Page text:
Instagram also plays a very important role the success, and in how the customers first see the magazines. Every morning, I take and upload a picture of a magazine with a cup of coffee – it’s a morning ritual to greet the new day. I get direct feedback from my customers, and sometimes I get orders just half an hour after publishing the picture. It’s a good way of seeing how interested my customers are in buying a particular magazine.
I always try hard to take a beautiful picture: the editors/ customers/ roasters might share it, so my shop will get even more attention. Instagram is also international – so it’s why I sell my magazines to people all over the world. Most of the customers are in Europe, but also I have ones in the USA, Brazil, the Middle East, and even China and Japan. It’s crazy! When I asked them how they knew about me, the answer is always: Instagram.
Who are your customers?
Mainly creative professionals: architects, designers, fashion designers, journalists, photographers. But there is also a growing group of people who don’t work in the creative industry, but who are very open minded, and who are creative in their free time and value quality products. They love organic food, specialty coffee, and fantastic independent magazines.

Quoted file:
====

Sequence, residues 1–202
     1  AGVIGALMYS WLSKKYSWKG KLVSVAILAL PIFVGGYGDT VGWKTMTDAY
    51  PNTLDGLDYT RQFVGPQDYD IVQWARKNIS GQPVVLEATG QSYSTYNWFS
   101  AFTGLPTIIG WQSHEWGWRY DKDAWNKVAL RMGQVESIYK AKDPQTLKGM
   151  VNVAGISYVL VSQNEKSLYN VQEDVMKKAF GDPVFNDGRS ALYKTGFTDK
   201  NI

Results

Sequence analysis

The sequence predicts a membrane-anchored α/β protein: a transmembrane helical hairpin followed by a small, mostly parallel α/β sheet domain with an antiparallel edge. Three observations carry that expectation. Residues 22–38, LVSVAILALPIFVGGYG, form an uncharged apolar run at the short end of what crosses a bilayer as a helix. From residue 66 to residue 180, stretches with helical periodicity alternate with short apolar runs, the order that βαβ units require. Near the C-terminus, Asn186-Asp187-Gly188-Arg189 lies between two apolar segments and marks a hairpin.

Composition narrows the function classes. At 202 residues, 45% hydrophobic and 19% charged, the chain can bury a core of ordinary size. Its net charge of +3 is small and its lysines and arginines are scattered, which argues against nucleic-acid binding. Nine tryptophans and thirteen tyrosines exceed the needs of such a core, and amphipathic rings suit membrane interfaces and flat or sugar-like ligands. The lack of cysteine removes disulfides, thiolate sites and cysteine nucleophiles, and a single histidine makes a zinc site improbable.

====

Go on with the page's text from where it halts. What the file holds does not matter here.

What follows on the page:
What's your best-seller this month?
Drift. It’s a wonderful magazine about coffee culture, and it focuses on a different city each issue. The last one was about New York – there’s lots of white space and nice typography. It’s also full of wonderful stories, and therefore it’s my favourite coffee-related magazine at the moment. My other best-seller is Oak – The Nordic Journal
Do you have a favourite local magazine?
It’s hard to say, but one of my favourites is The Weekender from Köln. It’s about ‘insights and side trips’ – they tell stories in a very personal way. It’s the perfect magazine for a long, relaxed weekend in the park or on the beach.
What has the biggest challenge been?
The biggest challenge is ordering the right amount of magazines. Or even the right magazines! I never know if other people will like a magazine as much as I do. And as I only stock magazines that I really like, I’m sometimes a bit disappointed when others don’t love them as much as I do. After one year of selecting and buying magazines, I’ve learned a lot, and I now don’t really end up with shelf warmers anymore.
Apart from that, my biggest challenge is having enough time to give my best to Coffee Table Mags, because it’s still a side project for me. I wouldn’t mind doing Coffee Table Mags fulltime, but it’s not possible at the moment. I work as a freelance designer fulltime, and in my free time I do this. That’s why some things aren’t as perfect as I’d like them to be.
What changes have you seen in the magazines since you opened?
Content is King! That’s the way that the magazines are changing. Before, a lot of magazines were incredibly beautiful, but their content was just touching the surface. Kinfolk and Cereal are two good examples, and both are my all-time favourite magazines. Kinfolk did a redesign, and now as well as short pieces they include long- form articles – sometimes a spread will be filled with text. And Cereal – which is so compelling with its photography and very minimal design – just added a literary supplement. I welcome these changes a lot.